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Ready in heart and ready in hand,
March with banner and bugle and fife
To the death, for their native land.

2

Maud with her exquisite face,

And wild voice pealing up to the sunny sky,
And feet like sunny gems on an English green,
Maud in the light of her youth and her grace,
Singing of Death, and of Honour that cannot die,
Till I well could weep for a time so sordid and mean,
And myself so languid and base.

Silence, beautiful voice!

3

Be still, for you only trouble the mind
With a joy in which I cannot rejoice,
A glory I shall not find.

Still! I will hear you no more,

For your sweetness hardly leaves me a choice
But to move to the meadow and fall before
Her feet on the meadow grass, and adore,
Not her, who is neither courtly nor kind,
Not her, not her, but a voice.

VI

I

MORNING arises stormy and pale,
No sun, but a wannish glare

In fold upon fold of hueless cloud,

And the budded peaks of the wood are bow'd
Caught and cuff'd by the gale:

I had fancied it would be fair.

2

Whom but Maud should I meet
Last night, when the sunset burn'd
On the blossom'd gable-ends

At the head of the village street,
Whom but Maud should I meet?

And she touch'd my hand with a smile so sweet

She made me divine amends

For a courtesy not return'd.

3

And thus a delicate spark
Of glowing and growing light

Maud

Thro' the livelong hours of the dark
Kept itself warm in the heart of my dreams
Ready to burst in a colour'd flame;
Till at last when the morning came

In a cloud, it faded, and seems
But an ashen-gray delight.

What if with her sunny hair,
And smile as sunny as cold,
She meant to weave me a snare
Of some coquettish deceit,
Cleopatra-like as of old

To entangle me when we met,

To have her lion roll in a silken net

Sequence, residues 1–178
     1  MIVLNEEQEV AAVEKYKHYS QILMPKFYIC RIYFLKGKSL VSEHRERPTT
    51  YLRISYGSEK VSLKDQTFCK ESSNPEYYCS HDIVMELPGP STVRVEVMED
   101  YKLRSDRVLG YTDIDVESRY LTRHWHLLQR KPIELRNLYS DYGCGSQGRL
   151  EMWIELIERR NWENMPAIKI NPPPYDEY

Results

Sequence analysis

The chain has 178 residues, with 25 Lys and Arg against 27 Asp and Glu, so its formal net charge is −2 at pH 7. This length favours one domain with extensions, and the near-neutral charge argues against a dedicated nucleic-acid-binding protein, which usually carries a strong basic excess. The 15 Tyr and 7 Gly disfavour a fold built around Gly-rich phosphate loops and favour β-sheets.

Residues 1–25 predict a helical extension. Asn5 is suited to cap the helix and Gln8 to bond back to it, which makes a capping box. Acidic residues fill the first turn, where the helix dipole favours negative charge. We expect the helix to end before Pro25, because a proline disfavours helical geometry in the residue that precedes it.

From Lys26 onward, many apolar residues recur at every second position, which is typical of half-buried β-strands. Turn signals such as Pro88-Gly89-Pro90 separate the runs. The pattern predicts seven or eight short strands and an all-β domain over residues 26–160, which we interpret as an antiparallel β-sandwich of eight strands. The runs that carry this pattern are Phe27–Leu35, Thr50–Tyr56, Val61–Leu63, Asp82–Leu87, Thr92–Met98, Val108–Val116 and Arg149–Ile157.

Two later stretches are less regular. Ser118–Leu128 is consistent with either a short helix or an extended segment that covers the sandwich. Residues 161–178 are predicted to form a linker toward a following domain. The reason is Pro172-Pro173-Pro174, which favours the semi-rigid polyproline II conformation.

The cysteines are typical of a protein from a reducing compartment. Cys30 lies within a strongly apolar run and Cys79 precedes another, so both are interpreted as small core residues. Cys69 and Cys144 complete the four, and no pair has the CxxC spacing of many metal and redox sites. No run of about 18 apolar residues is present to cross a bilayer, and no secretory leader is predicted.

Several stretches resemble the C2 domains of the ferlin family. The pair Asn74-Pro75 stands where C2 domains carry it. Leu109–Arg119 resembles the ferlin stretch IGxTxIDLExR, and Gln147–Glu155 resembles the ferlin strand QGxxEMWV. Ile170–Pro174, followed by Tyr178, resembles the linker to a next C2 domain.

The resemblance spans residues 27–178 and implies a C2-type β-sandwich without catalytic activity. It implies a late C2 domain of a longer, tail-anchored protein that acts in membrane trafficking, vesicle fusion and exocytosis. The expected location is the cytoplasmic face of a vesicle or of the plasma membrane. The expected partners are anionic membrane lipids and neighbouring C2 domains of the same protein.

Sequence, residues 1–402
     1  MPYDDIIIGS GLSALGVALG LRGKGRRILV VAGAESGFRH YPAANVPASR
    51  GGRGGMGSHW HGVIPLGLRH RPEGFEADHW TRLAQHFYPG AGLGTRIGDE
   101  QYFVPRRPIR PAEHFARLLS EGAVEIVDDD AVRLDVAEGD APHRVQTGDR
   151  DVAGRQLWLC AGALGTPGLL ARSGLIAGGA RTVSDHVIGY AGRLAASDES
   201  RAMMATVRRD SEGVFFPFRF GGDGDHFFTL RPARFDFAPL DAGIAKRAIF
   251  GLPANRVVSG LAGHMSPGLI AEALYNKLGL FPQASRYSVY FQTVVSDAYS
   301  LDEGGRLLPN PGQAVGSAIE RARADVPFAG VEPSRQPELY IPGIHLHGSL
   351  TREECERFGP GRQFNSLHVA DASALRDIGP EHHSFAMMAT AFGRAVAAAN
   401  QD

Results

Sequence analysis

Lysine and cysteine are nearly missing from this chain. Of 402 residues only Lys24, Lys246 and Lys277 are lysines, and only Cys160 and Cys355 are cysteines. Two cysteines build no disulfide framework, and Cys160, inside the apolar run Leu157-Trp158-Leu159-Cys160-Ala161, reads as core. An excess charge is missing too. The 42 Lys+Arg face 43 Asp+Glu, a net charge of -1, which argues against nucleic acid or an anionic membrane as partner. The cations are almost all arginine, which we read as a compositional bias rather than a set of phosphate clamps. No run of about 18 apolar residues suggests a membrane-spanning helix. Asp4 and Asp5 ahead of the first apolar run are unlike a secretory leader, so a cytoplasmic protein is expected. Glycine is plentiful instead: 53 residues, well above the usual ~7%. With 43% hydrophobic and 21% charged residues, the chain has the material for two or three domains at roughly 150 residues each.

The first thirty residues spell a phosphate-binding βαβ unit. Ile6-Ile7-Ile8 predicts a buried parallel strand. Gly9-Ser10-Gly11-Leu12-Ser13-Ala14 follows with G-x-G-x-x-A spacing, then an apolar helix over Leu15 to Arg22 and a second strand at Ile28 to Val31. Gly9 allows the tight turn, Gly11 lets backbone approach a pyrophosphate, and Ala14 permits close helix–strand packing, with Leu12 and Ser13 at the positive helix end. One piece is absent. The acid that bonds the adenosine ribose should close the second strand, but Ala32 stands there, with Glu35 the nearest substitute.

And fawn at a victor's feet.

5

Ah, what shall I be at fifty
Should Nature keep me alive,
If I find the world so bitter
When I am but twenty-five?
Yet, if she were not a cheat,
If Maud were all that she seem'd,
And her smile were all that I dream'd,

Then the world were not so bitter

But a smile could make it sweet.

6

What if tho' her eye seem'd full
Of a kind intent to me,
What if that dandy-despot, he,
That jewell'd mass of millinery,
That oil'd and curl'd Assyrian Bull
Smelling of musk and of insolence,
Her brother, from whom I keep aloof,
Who wants the finer politic sense
To mask, tho' but in his own behoof,
With a glassy smile his brutal scorn-
What if he had told her yestermorn
How prettily for his own sweet sake
A face of tenderness might be feign'd,
And a moist mirage in desert eyes,
That so, when the rotten hustings shake
In another month to his brazen lies,
A wretched vote may be gain'd.

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7

For a raven ever croaks, at my side,

Keep watch and ward, keep watch and ward,
Or thou wilt prove their tool.

Yea too, myself from myself I guard,
For often a man's own angry pride
Is cap and bells for a fool.

8

Perhaps the smile and tender tone
Came out of her pitying womanhood,
For am I not, am I not, here alone